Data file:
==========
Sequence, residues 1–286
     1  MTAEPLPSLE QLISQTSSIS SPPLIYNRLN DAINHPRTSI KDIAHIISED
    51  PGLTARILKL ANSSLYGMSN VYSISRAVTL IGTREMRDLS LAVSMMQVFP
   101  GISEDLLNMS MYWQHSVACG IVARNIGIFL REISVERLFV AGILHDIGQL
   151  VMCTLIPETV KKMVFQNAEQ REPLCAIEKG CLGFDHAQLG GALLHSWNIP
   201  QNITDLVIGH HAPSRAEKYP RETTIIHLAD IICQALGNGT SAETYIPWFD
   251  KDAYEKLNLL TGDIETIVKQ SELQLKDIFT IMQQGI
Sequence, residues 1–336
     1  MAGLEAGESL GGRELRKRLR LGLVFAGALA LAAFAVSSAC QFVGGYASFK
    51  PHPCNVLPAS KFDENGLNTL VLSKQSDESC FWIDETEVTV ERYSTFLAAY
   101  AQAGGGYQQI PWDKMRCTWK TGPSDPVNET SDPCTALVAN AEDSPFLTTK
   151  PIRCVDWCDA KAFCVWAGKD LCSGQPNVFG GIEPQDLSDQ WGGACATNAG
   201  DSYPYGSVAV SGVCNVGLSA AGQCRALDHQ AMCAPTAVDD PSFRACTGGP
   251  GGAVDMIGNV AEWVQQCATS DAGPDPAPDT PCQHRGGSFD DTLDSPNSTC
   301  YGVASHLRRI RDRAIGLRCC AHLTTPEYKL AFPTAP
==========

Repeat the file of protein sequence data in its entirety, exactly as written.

Sequence, residues 1–286
     1  MTAEPLPSLE QLISQTSSIS SPPLIYNRLN DAINHPRTSI KDIAHIISED
    51  PGLTARILKL ANSSLYGMSN VYSISRAVTL IGTREMRDLS LAVSMMQVFP
   101  GISEDLLNMS MYWQHSVACG IVARNIGIFL REISVERLFV AGILHDIGQL
   151  VMCTLIPETV KKMVFQNAEQ REPLCAIEKG CLGFDHAQLG GALLHSWNIP
   201  QNITDLVIGH HAPSRAEKYP RETTIIHLAD IICQALGNGT SAETYIPWFD
   251  KDAYEKLNLL TGDIETIVKQ SELQLKDIFT IMQQGI
Sequence, residues 1–336
     1  MAGLEAGESL GGRELRKRLR LGLVFAGALA LAAFAVSSAC QFVGGYASFK
    51  PHPCNVLPAS KFDENGLNTL VLSKQSDESC FWIDETEVTV ERYSTFLAAY
   101  AQAGGGYQQI PWDKMRCTWK TGPSDPVNET SDPCTALVAN AEDSPFLTTK
   151  PIRCVDWCDA KAFCVWAGKD LCSGQPNVFG GIEPQDLSDQ WGGACATNAG
   201  DSYPYGSVAV SGVCNVGLSA AGQCRALDHQ AMCAPTAVDD PSFRACTGGP
   251  GGAVDMIGNV AEWVQQCATS DAGPDPAPDT PCQHRGGSFD DTLDSPNSTC
   301  YGVASHLRRI RDRAIGLRCC AHLTTPEYKL AFPTAP